Is it possible to structure your list a bit more like a tree, so that it is not a single list. E.g. Could you have a grouping like "Government Depts" and then add Dept of Collections to that. Then ask you users to first select the top level grouping then show them a shorter lists of organizations in that group?

share|improve this answer
    
That could be done, but it requires a lot more cognitive effort from the user to realize that Collections is a Goverment Department. I really want to allow them to type "Collections" when they know that's what they want and not have to muck around with categories. –  Ben Fulton Apr 28 '10 at 15:35

It sounds to me as if your data list should really be in either a database or at least stored well away from the UI. Wherever its really stored, place a keyword for each entry, say "Collection". The list of keywords could be available as part of your auto-complete functionality. Then search on the keyword alone.

share|improve this answer
    
The list can be searched quickly - that's not an issue. The issue is forcing the user to select something from the list. –  Ben Fulton Apr 28 '10 at 15:34
    
@Ben - I never said anything about performance. My intention was to point out that presenting the user with " a couple of thousand" entries is not user friendly. Something that you must realise, else you wouldn't be asking the current question. I would still stand by providing a keyword list for searches/autoreplace, even if it's not visible. –  ChrisBD Apr 29 '10 at 6:29
    
Yes, that's the problem I'm trying to get around. I'm happy to allow the user to type a couple of letters, though, and simply filter the list by the entries that contain those letters as a substring. –  Ben Fulton Apr 30 '10 at 13:57

If you could divide items in categories, would using some kind of tree control help?

So, when user clicks on a node you load only items in that node. And so on.

share|improve this answer

I'd break it into two paths...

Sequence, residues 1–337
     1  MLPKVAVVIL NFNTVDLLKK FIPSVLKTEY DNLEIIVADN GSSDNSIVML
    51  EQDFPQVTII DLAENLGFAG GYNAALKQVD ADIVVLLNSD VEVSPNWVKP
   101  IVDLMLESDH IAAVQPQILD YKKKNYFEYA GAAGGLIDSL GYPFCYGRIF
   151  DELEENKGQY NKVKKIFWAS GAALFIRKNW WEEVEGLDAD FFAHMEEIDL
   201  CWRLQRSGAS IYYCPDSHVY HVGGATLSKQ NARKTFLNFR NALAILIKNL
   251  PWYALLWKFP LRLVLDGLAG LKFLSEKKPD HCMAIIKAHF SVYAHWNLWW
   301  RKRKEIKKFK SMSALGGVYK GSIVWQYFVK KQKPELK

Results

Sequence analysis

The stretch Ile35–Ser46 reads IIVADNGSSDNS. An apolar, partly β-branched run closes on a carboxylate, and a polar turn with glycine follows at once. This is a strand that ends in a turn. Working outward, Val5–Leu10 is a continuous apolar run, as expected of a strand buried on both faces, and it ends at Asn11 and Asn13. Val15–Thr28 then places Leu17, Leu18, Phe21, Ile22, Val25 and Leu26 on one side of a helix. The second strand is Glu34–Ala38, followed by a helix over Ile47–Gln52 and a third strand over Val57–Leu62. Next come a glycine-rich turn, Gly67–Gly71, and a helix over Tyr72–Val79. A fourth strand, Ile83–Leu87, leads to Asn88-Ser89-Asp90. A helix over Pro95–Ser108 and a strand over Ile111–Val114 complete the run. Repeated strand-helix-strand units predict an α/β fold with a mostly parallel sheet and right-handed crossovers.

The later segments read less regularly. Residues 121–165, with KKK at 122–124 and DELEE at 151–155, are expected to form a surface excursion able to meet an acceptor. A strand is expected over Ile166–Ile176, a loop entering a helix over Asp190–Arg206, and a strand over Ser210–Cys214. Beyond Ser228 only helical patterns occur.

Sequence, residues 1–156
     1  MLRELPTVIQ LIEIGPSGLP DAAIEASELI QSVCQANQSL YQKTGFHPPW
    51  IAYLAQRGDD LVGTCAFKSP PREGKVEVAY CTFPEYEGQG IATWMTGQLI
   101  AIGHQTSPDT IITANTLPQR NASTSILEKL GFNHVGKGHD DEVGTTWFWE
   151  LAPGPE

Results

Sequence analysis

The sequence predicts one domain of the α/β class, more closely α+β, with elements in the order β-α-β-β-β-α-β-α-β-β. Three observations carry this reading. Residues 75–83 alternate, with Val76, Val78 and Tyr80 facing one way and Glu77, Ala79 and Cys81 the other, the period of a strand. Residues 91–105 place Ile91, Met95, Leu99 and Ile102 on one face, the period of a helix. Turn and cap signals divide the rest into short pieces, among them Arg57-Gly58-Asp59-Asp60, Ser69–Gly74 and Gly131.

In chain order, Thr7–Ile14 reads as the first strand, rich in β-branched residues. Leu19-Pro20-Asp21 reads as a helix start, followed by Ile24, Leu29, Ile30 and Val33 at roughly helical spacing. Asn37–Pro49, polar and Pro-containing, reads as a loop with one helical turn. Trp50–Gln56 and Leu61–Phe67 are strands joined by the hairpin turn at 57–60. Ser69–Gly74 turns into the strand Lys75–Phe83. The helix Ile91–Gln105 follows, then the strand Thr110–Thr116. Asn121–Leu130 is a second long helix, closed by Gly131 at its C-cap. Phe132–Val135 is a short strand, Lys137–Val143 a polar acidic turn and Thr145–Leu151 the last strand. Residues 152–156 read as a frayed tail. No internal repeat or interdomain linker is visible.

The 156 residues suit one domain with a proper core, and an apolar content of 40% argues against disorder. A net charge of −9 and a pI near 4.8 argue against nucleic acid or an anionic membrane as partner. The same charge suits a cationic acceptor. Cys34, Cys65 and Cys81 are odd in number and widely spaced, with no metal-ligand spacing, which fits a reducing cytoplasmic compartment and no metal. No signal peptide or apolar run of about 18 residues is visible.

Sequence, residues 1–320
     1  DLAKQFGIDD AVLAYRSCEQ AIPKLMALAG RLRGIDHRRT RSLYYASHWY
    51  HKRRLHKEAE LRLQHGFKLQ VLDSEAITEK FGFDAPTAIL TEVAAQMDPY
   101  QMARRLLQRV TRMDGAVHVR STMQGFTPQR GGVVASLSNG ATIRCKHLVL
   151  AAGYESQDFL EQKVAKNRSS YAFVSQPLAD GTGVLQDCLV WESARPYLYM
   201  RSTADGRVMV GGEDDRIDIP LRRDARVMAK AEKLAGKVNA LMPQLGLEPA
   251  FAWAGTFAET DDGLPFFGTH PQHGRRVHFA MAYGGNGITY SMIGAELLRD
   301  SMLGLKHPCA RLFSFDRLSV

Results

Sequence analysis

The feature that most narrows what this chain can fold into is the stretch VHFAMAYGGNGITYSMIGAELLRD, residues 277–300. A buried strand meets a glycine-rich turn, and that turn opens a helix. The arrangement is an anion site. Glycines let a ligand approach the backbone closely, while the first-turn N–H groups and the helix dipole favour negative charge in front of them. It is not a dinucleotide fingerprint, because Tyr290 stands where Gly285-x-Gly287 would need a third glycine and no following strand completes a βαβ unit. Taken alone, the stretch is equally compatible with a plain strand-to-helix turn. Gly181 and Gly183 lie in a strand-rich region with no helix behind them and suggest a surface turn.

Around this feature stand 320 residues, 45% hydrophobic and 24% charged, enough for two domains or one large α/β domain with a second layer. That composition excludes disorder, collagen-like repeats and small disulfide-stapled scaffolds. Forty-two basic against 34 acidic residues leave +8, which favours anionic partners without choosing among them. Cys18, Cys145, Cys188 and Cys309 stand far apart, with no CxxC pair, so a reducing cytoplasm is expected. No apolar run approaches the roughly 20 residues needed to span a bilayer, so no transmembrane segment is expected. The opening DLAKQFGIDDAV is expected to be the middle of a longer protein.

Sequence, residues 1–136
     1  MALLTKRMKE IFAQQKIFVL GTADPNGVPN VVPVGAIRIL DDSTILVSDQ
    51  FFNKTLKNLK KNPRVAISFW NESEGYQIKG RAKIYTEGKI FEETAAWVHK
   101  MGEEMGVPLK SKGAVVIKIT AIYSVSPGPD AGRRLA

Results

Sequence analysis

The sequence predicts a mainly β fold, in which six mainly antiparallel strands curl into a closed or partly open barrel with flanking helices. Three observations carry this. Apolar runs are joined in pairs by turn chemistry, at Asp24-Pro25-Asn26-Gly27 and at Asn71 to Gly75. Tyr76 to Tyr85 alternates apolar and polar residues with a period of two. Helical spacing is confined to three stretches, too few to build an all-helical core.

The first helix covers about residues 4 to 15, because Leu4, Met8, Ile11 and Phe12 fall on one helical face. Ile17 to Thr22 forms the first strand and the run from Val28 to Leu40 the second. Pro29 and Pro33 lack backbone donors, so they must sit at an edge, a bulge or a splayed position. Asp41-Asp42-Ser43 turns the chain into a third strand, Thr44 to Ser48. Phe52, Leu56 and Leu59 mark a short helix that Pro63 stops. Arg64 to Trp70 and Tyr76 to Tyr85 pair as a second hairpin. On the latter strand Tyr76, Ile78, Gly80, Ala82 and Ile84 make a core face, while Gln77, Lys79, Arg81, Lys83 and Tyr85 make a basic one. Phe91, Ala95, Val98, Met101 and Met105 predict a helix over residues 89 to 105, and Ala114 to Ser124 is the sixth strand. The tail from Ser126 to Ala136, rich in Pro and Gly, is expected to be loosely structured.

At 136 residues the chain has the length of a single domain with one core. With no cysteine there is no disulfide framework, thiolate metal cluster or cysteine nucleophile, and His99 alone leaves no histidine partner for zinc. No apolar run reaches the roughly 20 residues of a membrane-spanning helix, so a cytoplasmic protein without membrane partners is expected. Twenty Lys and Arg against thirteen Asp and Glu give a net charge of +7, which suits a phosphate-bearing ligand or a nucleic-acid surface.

Use an autocompleting textbox, for the person who types the correct title (i.e., Department of Collections); and a separate search button to search for possible matches. The search button would take you to a results page to select the desired choice. This functionality would be similar to the way search on MSDN works.

share|improve this answer

Initially a tree view sounds cool, but are you certain that a single classification will reduce the data into manageable sets? If 80% of your data gets classified as "government dept" this doesn't really help things.

The problem is you want criteria that allows users to quickly split a large list into smaller sets that are easier to consume. Additionally, there should be enough flexibility to react to changes in data.

I'd suggest using a tagging pattern like iTunes. In my library "rock" describes 80% of my collection - but is still a useful categorization for something like random shuffle. I also have the ability to stack tags so I can use genre="rock", decade="1990" and quickly sift my data down to whatever is of interest.

In the UI, I'd recommend a section that allows the user to apply "filters" which is nothing more than selecting specific values for tags. Break the list out into pages and allow them to see a tally of potential matches.

Scenerio: - Navigate to screeen XYZ and see there are 10,000 companies to pick from - Click "classification" and select "Government dept" and the list updates to indicate there are now 1,000. - Click "region" and select "South" and see my list drop to 200. - Sort list by name and then select (or scroll through, whatever)

share|improve this answer

Your Answer

 
discard

By posting your answer, you agree to the privacy policy and terms of service.

Not the answer you're looking for? Browse other questions tagged or ask your own question.